New York’s Hidden Taxes are Driving Up the Cost of Coverage

New York State imposes several taxes on employers and individuals who buy private health insurance coverage. These taxes are paid by consumers and included in their premiums. A report by the New York State Conference of Blue Cross and Blue Shield Plans reveals these taxes amounted to an estimated $5.2 billion in 2019 and increase premiums by between 6-9%.

 

Covered Lives Assessment

The CLA is an annual flat surcharge (or tax) on all privately insured people in the state. Health plans are assessed according to the number of people they cover. The assessment is included in the individual and family premium and varies by the insured’s residence. When it was initiated in 1996, the covered lives assessment was intended to pay for graduate medical school expenses. Increasing sums generated by the tax have been used for general fund obligations.  In 2019, New Yorkers with private health insurance will pay approximately $1 billion to the state for the covered lives assessment.

 

HCRA Surcharge

A surcharge created by the Health Care Reform Act (HCRA) of 1996 is collected from health plans in the form of a sales tax on certain hospital-based health services. The surcharge was originally designed to help reimburse hospitals for losses incurred by bad debt and charity care. Today, it is used for a variety   of general fund purposes. The surcharge applies to members of a self-insured or fully insured health plan. The initial rate of the surcharge was 8.18 percent in 1997 and yielded $517 million. The current rate is 9.63 percent, and yielded $3.6 billion in 2019.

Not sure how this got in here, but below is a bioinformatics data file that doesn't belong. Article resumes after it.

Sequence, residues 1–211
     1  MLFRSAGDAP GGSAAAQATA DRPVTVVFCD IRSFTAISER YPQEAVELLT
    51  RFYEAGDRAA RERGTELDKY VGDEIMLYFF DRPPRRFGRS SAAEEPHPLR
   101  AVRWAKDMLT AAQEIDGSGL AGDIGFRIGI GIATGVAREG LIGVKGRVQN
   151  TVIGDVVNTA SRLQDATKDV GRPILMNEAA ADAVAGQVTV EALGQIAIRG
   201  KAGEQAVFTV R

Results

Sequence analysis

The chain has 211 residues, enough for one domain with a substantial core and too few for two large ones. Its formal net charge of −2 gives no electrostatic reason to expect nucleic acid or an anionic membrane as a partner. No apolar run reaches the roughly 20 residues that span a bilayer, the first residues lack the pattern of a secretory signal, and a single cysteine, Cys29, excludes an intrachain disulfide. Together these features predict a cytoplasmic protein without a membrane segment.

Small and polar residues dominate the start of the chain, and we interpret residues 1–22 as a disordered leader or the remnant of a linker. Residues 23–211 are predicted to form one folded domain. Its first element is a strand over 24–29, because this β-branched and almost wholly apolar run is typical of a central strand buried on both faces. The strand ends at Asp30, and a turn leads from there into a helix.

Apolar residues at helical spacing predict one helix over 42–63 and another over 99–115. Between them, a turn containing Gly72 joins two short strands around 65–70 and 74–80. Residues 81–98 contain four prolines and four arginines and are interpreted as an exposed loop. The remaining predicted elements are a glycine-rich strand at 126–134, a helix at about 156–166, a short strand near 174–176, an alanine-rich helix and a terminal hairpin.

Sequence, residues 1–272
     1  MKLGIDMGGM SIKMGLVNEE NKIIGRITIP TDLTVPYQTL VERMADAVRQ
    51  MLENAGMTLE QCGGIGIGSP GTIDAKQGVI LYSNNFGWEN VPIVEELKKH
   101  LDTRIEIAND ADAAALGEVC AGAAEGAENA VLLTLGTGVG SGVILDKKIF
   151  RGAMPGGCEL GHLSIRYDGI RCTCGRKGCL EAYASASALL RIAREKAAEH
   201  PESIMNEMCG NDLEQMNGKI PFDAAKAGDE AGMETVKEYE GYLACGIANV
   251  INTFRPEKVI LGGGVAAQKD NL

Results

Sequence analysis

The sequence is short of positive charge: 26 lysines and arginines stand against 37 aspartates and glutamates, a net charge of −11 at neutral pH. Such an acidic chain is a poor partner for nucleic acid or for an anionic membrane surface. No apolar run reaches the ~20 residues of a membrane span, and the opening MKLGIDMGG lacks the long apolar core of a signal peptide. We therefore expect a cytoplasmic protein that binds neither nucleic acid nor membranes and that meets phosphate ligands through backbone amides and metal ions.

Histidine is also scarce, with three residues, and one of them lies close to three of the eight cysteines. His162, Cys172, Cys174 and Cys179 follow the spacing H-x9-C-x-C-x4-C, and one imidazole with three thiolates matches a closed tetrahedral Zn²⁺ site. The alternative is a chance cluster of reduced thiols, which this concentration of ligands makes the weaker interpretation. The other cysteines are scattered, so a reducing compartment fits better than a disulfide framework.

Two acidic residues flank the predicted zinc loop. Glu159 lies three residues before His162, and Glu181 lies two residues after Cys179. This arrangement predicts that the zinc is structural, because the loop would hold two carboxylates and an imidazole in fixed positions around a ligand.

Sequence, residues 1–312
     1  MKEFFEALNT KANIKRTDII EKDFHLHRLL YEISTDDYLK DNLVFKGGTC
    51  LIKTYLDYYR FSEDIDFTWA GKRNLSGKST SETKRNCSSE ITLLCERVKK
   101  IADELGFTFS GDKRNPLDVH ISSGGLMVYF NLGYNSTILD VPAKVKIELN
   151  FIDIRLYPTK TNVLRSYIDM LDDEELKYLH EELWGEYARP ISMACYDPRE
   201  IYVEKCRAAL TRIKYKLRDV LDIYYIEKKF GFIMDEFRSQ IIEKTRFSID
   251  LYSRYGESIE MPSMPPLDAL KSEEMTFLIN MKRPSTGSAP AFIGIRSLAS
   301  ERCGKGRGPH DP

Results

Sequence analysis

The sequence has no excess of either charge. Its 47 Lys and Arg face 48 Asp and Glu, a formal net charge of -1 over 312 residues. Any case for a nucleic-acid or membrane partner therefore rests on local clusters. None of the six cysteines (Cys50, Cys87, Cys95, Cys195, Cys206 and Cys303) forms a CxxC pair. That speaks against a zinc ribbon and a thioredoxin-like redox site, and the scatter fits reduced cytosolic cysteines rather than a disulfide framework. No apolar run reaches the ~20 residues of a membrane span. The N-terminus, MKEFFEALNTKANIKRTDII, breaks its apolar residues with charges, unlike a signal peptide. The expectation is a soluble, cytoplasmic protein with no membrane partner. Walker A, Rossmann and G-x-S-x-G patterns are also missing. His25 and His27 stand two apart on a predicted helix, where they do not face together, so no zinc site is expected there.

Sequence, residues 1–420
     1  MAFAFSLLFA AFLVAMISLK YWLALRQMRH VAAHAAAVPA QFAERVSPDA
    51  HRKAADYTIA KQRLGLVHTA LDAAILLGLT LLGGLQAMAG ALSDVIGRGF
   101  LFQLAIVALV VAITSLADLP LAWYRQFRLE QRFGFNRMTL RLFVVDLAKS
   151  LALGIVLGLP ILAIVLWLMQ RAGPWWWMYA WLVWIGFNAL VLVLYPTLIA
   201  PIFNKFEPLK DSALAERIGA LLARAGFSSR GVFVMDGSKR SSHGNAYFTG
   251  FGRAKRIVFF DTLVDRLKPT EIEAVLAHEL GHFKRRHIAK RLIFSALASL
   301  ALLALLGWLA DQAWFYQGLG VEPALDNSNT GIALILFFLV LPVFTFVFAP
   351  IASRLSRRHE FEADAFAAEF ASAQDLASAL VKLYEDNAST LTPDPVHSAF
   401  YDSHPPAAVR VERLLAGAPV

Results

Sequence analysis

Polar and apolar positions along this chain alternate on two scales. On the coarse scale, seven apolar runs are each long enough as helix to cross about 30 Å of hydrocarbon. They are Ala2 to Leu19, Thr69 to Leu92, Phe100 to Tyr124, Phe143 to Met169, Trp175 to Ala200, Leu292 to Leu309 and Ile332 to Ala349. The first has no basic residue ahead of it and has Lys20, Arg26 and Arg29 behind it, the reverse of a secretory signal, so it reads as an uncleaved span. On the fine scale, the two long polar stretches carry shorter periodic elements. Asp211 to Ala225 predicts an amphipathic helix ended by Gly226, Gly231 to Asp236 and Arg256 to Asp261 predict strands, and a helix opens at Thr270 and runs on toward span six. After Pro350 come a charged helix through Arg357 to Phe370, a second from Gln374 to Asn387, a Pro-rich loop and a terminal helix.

Assessment On Insurers

The third levy, called a Section 206 assessment (formerly, 332 assessment), was established to finance the then New York State Insurance Department operations. It applies to all licensed insurers in the state (e.g., life, property and casualty, and health) and is based on premiums paid in New York State. Section 206 assessments do not apply to third-party administrators, out- of-state insurers or self-funded health plans. In 2019, New Yorkers with private health insurance paid approximately $148- million to finance the New York State Department of Financial Services.

 

Premium Tax

A 1.75 percent tax is applied to premiums paid by those with commercial health insurance policies. The revenue from these for-profit insurers goes to the state treasury’s general fund. In 2018, the premium tax raised an estimated $479 million.

 

Among all business taxes levied by the state, the taxes imposed on the privately insured rank as the single largest tax in New York State.